It's is so fun when the multip arrives at 7 cm, and you know the doctor can't make it for the delivery, and you tell him to be careful driving in, you have caught a baby or two in the past. At delivery, mom delivers a smallish girl. You think"She seemed larger than that". She crowns an intact bag of water--with hair behind it. Right, undiagnosed twins!.. While listening to the FHT, the mom asked why I was doing this. My answer? "Unless your placenta has a heartbeat, you have another baby in there! " Shortly after delivery of the second girl and the placenta, the doctor arrived. "How is my patient? Did she deliver?" I told him that I had delivered two babies for him. He looked surprised--"I had two patients?" The patient said "One patient, two babies, doctor, I had TWINS!" That was fun especially since everything turned out right, both babies and the mom (and dad) were fine and the doc has told the story so many times he's going to wear it out.

    It is so sad when we lose a baby (or a mom). I cry with the family, I pray with the family. I do whatever I can to help the family at this difficult time. Even though this is a very hard time for OB nurses, it is a part of our beloved specialty. I try to accept that God needed that little angel in heaven.

    I'm not usually this wordy, but you've hit my love--obstetrics. I've worked low risk L/D, high risk L/D, post partum, newborn nursery, and high risk antipartum, as well as working for a telephone triage that did only high risk ob patients. (I haven't hit NICU) I hear there are other specialties in nursing, but I doubt it, and if there are, I don't want to go there.
    Last edit by judy ann on Jun 14, '02
  10. by   dianah
    Have really appreciated other posts. I've heard other Rad nurses complain about feeling like the Ugly Stepchild in the hospital; EACH area is awe-inspiring in the amount of work/knowledge/savvy required for nurses to keep pace. L&D, I still cry whenever I see a baby born (!!)you have phenomenal knowledge/skills; NICU, loved my small charges when I worked there 25 yr ago; Med/Surg, we get every one of your pts, and what a time you must have keeping up with everything going on w/them (such a variety of multiple diagnoses) - gotta be organized!!; ICU/CCU/SICU/PICU, great attention to details, what intuition you gotta have; Burn, Peds, Specialty CLINICS (how do you keep it together to see all those pts??!!), ---- I know I forgot someone somewhere --- you all deserve 200% raises (or more!) for what you do under extreme conditions! X-games, X-etc are nothin' compared to the nurses (I was gonna say X-nurses but some may take that the wrong way . . .didn't mean it X-rated!!) Yes, I love MY area; gotta brag about all the others too. ARRRGGGGGHHHH! Wordy again! TTFN! --- Diana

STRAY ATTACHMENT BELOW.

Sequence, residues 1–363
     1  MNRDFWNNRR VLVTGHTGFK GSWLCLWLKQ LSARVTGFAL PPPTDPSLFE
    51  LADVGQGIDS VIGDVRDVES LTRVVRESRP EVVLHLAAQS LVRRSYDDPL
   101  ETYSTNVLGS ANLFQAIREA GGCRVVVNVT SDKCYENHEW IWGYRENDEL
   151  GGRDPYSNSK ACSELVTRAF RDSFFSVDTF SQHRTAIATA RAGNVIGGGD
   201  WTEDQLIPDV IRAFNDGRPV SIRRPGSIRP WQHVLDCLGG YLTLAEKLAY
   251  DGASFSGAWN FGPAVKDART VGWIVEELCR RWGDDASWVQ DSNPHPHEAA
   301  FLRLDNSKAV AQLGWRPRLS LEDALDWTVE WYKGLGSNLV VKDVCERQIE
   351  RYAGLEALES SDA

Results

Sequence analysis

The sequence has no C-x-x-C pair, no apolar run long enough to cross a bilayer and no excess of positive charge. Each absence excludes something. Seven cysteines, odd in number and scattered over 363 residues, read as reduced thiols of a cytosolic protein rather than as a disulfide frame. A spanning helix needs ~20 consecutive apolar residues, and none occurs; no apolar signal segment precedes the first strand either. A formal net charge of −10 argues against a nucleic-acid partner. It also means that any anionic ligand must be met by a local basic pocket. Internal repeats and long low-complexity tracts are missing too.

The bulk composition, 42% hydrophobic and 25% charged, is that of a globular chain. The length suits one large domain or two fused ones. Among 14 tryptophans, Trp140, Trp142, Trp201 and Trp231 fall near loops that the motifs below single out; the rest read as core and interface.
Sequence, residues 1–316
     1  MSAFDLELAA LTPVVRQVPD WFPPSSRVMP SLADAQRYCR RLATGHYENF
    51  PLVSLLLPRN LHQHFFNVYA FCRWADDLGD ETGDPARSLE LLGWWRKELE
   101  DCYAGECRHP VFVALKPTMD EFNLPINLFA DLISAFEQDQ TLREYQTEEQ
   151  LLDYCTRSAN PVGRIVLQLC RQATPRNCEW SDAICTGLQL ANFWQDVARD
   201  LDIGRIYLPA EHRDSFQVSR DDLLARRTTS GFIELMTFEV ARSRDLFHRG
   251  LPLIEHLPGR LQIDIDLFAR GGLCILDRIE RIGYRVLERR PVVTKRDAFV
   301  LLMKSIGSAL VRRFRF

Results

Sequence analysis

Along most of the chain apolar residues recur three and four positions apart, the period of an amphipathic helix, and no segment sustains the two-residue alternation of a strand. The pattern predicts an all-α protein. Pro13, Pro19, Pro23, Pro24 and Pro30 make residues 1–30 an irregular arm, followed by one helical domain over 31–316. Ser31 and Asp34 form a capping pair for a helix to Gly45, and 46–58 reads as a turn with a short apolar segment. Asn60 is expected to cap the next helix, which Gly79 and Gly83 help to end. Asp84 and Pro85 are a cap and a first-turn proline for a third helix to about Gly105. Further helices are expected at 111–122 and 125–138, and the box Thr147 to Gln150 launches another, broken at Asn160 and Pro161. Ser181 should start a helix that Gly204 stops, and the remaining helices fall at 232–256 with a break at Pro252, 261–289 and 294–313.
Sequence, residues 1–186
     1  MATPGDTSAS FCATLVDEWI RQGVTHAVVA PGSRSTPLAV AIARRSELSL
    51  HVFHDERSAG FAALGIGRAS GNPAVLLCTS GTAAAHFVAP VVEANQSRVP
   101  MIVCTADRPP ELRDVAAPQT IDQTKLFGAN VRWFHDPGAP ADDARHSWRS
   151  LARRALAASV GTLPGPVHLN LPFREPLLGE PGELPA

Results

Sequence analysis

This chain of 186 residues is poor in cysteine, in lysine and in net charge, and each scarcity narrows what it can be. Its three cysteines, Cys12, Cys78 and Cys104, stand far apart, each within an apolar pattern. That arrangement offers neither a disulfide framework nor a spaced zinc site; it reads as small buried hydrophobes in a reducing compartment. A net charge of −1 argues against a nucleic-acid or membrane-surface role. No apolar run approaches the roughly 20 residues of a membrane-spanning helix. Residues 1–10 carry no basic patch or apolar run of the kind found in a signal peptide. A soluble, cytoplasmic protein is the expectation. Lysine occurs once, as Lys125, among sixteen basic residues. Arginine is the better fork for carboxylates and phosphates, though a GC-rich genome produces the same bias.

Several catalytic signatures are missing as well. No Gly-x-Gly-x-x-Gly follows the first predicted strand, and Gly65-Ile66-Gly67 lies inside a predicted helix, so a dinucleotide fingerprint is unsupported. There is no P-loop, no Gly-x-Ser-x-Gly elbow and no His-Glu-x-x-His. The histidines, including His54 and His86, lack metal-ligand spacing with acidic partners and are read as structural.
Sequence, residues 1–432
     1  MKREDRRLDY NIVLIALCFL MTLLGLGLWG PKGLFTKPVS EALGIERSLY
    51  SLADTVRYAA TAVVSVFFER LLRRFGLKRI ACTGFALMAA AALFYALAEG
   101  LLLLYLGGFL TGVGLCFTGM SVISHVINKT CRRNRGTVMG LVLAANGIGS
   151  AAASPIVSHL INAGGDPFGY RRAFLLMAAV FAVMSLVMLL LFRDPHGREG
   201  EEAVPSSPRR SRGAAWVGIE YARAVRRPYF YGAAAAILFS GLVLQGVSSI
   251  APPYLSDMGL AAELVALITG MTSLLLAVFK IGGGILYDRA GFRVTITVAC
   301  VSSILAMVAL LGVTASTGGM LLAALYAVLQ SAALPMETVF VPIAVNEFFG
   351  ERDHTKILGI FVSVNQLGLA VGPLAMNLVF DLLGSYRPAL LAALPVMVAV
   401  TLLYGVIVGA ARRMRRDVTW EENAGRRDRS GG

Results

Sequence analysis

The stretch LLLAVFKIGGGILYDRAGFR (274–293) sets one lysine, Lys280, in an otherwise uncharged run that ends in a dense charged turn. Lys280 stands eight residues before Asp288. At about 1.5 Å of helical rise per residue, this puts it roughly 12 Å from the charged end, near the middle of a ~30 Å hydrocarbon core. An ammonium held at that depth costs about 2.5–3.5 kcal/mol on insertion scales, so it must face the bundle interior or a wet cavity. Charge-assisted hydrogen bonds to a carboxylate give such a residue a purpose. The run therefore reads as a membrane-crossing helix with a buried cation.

11. by   heartholder
    I am not a wordy nurse. but I have been in the OR. and it is not the field that gets the glory but I am proud to be an OR nurse. I get one on one with my patients and get a few minutes to establish a trust relationship. I alway tell the patients that they won't remember me, but we (the team) will take good care of them. I have also had to call a family and let them know that things aren't going well in surgery and try to prepare them for the worse. It is not an easy thing to do. I often hold hands with the patient while they go to sleep. and treat all my patients with the respect that I would treat my family with. I have been lucky to learn all the services in surgery. my least favorite is Ortho, just don't like all the instruments. I love doing the hearts. we have the family come into holding to see pts before they go into surgery. and I talk to family before surgery and then every hour during the surgery, just to keep them updated. as well as all the documentation that they keep adding to.
    well I thought I wasn't a wordy nurse. but I do love what I do and I am good at it. and Yea I would love a raise.
  12. by   huggietoes
    I started this post mainly because I am a brand new, green as H#LL GN who is beginning in the ICU. It is great to see such enthusiasm for each area, especially Radiology, YOU GO! I had no idea what Radiology nursing entailed, I think the majority of people simply think that you position/prep patients for xray. L&D very interesting and fast paced, never the same day twice, but you know I just can not tolerate the screaming patients, nervous husbands, bloody show, lochia.... Thanks to everyone who replied.
    Well, I don't work in hospital setting, but I LOVE family practice!!
    You really get to know all of your patients, their families, and ultimately could be treating a grown-up that has been coming to the office since childhood. You really have the chance to bond, to become "their nurse", and many opportunities to go the extra mile (helping poor patients get meds, helping older people get hooked up with the resources they need, etc.). You get to know their health histories, get time (or MAKE TIME) to teach them about diabetic self-care, modified diets, help them understand what will happen in the diagnostic tests they're going to have......

    You get the picture........
    My only "complaint" is that most nurses don't think that office nurses are "real nurses" or that they don't have to work very hard..........but anyone who's worked in an office that sees 15 patients or more before lunch, and 17 or more after lunch (per doctor) knows that it's definitely NOT easy!
  14. by   Jonty45
    I've been nursing for 39 years..everything from Psych to Medic in the Special Forces.. for the last 6 years I've been working in Neuro ICU.. there is nothing to touch Neuro..it breeds a distinctly different type of nurse.. not that there is anything amiss with the rest of our profession but Neuro does it for me...